HED0649

Written evidence submitted by Mr Pete Le Bas

 

Education Select Committee - Call for Evidence – Elective Home Education

06/11/20

I am responding as an individual. My experience in this area was as line manager of the EHE Officer in a London LA from 2014 to August 2020 when I retired. At that time I was vice chair of the South East England LA EHE support network and, more importantly, was involved in EHE cases and made many visits to homes. Previously I was also a home tutor history to EHE students in another borough. The responses below follow on from those to the DfE in 2019 for EHE and Children Not in School.

The Committee invites written submissions addressing any or all of the following points:

The duties of local authorities with regards to home education, including safeguarding and assuring the quality of home education;

The duties should be clear in two major areas: safeguarding and learning. In terms of safeguarding most families are willing to engage with EHE Officers but the problem comes with those who try to stay at arms length from the LA and with those who don’t register their child/ren with the LA at all. From the days of Khyra Ishaq to Dylan Seabridge parents’ rights have been put above those of children to devastating effect.

We received this from a local A&E last year via our MASH (multi agency safeguarding hub):

I have been contacted by MA, safeguarding lead from ** hospital regarding a family she has concerns over.

There is a XX **/**/** who is EHE and on our system but MA says there are two other children at the address that are not known and appear to be missing from education.

These are, XY and XZ

Are you aware of these children? Also do you have any contact number?

MA would be grateful if you could update her.

In all of this case and others the voluntary nature of engaging with LAs around EHE puts these children more at risk.

 

A joined up approach, supported by statutory guidance and legislation providing all LAs the right to visit and make an assessment within government guideline would be welcome. It has no legal grounding in its current form, leaving LA’s open to legal challenge.  

 

It should be noted that the LA is rarely challenged by those who home educate well, it is usually those who are not providing an education or who wish for them and their children to remain ‘under the radar’.  These are often supported by professional well -meaning individuals who are supportive of their human rights but are not aware of the situation of the individual family and/or chose to defend the rights of the parents as a matter of principle, even where this compromises the rights of the child.  It is hard to conceive that they might fully recognise the consequences of their well-meaning actions.

 

To have a clear definition of a “suitable” education would be a good step; the guidance in 2019 goes some way to defining what should be provided and I hoped that Lord Soley’s Parliamentary Bill would in time be recognised as good practice, offering a welcome common sense approach to the issues.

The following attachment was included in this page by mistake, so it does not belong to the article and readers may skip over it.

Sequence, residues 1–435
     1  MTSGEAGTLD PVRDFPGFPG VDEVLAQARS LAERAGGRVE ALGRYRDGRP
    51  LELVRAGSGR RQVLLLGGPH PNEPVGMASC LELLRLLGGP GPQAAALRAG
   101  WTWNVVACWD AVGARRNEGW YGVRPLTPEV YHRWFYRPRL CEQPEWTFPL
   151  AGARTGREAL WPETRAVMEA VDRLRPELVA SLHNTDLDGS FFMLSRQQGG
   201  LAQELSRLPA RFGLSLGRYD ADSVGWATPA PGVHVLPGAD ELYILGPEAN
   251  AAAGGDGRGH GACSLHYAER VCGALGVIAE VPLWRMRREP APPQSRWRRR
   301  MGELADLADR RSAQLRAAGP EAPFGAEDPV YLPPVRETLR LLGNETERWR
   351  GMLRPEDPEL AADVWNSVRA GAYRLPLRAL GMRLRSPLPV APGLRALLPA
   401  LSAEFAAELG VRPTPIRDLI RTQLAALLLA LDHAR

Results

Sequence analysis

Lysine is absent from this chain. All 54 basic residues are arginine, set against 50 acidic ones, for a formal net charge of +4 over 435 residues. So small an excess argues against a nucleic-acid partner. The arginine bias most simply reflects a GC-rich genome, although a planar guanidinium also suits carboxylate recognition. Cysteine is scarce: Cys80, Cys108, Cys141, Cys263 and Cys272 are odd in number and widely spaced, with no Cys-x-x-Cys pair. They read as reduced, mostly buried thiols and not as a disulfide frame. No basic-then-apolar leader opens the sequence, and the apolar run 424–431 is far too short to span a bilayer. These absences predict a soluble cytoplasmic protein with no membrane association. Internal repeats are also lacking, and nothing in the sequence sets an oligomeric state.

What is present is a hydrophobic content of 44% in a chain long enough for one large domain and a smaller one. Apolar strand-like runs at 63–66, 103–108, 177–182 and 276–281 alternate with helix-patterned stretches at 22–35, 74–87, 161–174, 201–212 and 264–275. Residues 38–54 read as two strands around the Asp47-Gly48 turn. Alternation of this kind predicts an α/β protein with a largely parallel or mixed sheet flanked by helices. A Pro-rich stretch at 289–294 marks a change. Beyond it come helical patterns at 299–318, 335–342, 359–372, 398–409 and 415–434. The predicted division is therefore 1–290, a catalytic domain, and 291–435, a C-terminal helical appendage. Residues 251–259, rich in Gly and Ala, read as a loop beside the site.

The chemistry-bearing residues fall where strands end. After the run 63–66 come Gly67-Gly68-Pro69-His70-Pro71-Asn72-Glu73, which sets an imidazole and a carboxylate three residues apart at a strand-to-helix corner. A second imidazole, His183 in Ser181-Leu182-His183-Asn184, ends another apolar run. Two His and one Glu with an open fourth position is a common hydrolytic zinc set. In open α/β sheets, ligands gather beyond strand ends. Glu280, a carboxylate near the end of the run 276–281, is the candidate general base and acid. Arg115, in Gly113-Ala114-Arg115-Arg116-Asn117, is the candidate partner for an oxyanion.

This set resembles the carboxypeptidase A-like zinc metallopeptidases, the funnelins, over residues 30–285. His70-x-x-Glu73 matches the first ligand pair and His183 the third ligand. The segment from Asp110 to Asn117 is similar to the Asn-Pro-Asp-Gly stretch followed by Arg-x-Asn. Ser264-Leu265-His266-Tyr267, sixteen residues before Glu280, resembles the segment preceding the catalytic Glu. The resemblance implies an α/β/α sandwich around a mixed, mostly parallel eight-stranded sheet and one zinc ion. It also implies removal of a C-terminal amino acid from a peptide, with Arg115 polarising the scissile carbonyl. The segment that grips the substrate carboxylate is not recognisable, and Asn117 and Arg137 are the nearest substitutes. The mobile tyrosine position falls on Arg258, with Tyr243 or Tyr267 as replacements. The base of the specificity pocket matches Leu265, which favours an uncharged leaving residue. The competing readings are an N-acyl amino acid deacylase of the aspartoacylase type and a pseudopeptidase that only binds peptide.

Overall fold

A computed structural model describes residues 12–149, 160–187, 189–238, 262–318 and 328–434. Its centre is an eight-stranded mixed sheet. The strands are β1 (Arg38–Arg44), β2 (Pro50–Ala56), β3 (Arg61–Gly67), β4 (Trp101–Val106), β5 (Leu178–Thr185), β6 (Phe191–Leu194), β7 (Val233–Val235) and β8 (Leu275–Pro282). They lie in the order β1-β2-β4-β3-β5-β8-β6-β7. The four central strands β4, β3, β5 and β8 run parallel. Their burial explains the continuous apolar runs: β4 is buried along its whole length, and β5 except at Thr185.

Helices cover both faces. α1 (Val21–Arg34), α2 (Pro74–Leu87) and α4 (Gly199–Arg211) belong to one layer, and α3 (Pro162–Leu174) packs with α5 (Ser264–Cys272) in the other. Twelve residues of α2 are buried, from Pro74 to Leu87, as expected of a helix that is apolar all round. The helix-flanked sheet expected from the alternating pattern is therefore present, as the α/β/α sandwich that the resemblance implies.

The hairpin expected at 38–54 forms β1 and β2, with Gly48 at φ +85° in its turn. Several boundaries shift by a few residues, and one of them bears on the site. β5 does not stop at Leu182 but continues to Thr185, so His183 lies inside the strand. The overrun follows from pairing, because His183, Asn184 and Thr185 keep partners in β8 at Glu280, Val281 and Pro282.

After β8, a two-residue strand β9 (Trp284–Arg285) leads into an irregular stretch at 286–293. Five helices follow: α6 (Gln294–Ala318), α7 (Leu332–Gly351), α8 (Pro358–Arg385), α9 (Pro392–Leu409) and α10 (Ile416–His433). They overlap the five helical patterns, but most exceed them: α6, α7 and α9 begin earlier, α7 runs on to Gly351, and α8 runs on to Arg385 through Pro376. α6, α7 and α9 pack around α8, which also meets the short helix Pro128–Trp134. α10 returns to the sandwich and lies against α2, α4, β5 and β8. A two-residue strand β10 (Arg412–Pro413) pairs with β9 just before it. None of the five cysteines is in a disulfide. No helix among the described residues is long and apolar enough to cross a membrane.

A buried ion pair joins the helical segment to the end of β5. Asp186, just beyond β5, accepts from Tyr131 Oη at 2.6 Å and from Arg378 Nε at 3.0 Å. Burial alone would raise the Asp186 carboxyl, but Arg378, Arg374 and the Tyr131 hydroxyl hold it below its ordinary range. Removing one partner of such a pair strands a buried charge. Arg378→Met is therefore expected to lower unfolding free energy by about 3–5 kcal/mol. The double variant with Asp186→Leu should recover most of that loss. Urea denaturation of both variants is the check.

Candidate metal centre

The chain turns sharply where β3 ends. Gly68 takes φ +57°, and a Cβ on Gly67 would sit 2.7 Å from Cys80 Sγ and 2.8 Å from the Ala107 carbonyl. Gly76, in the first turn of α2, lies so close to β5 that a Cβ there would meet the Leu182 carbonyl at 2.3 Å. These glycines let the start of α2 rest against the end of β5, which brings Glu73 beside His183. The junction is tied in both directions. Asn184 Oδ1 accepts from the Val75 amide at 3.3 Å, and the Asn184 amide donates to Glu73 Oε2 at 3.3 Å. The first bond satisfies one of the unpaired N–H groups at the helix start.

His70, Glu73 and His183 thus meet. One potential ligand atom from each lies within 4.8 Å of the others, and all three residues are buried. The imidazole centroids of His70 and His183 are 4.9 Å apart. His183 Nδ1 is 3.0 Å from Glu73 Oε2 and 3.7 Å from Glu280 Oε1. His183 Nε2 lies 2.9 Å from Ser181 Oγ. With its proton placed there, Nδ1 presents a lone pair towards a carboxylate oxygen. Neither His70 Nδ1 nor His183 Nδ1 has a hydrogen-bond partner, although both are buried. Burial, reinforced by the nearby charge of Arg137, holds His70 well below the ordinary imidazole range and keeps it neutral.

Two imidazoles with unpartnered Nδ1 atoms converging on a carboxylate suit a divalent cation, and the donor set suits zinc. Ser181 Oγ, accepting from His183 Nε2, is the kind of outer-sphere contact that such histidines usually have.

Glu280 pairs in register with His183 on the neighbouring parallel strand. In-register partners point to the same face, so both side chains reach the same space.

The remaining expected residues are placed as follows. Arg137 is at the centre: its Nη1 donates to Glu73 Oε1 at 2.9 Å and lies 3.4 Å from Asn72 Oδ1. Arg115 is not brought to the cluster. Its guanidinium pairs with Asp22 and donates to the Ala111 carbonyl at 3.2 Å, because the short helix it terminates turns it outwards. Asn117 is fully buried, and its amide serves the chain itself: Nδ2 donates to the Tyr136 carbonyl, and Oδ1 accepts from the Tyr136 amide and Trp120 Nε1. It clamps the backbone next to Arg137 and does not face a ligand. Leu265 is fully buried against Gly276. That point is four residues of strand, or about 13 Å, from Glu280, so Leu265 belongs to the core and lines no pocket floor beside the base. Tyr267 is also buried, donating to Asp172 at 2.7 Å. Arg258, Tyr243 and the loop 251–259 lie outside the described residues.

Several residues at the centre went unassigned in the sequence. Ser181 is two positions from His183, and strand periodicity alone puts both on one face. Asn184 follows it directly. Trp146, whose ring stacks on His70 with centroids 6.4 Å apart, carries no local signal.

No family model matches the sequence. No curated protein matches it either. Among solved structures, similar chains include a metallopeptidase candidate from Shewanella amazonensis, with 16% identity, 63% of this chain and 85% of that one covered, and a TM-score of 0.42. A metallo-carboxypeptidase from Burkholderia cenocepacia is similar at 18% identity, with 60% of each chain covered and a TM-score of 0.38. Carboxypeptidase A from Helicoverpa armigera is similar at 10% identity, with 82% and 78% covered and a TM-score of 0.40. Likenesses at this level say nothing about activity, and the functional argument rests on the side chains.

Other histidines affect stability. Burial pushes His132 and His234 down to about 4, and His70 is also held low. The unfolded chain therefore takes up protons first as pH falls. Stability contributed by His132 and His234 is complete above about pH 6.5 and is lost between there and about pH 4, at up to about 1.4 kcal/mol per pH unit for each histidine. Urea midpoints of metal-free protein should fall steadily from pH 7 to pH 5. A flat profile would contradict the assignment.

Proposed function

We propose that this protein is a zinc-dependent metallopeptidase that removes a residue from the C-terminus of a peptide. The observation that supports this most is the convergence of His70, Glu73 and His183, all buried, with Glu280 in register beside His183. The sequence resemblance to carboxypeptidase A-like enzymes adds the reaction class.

The following text is a helpful start:

 

the expectation that elective home education must include provision of supervised instruction in reading, writing and numeracy, which takes into account the child’s age, ability, aptitude and any special educational needs and disabilities’.

 

It would be useful for Ofsted and the DFE to set out a best practice guide, defining how suitable Education should be measured by LAs.  It is recognised that many home educators may introduce unconventional ways for their children to learn naturally, this is understood and may be completely appropriate, but there must be evidence made available of learning or it is impossible to distinguish this with families in chaotic situations who are unable to provide a suitable structure of learning.

 

It would be helpful for clear guidance to be provided to all local authorities to set out minimum expectations of what the DfE consider that LA support should consist of. 

As a minimum, LAs should be able to:

Academies and schools should better support the process where a family chooses to home educate in that they should work closely with the LA and have access to a named LA officer – in our case currently an EWO -  to be consulted with when schools are first approached by parents seeking to home educate. 

There should be a duty on schools to invite LA representatives to any meetings held with parents who are seeking to remove their children from a school roll to home educate; this should be mandatory, where it is known that the child is supported by specialist children’s services.   Schools should be prevented from removing a child from a school roll until such time that they can provide evidence that such a meeting has taken place, preventing EHE to be recorded as the default onward destination for children.

whether a statutory register of home-educated children is required;

The LA had 263 (June ‘20) children registered as Elective Home Education.  I suggest that current voluntary registration schemes are not effective, in that there will be in every authority an unknown number of children who are home educated and remain hidden from services. 

 

Registration would identify families who previously remained ‘under the radar’ and who have made a conscious decision to avoid engagement with the authorities. Registration would provide an opportunity for the LA to engage with families to ensure such children and young people are in receipt of the education to which they have a legal entitlement.   It cannot be assumed that any neglect to a child’s education or wellbeing will be identified through other professionals, when their existence may not be known.

 

We submitted this to the DfE CME consultation in March 2016:

 

Child A was a pupil at an independent school outside of The LA in another Local Authority X.

The independent school had no concerns about A’s welfare whilst he was with them and his mother engaged well with them. They did not meet the father and thought he was abroad. Child A was withdrawn from the school when the mother said she was going to home educate him and they might be moving abroad to join her partner. Mother did not inform the Local Authority X of her intention to home educate the child. The school did not inform Local Authority X.

Mother was registered by Council Tax dept. as having moved to The LA. The child was not presented for admission to a local school or setting, therefore no one in The LA education of social care depts. knew they were in the borough. There is no requirement for a parent to inform the local authority that they are home educating their children.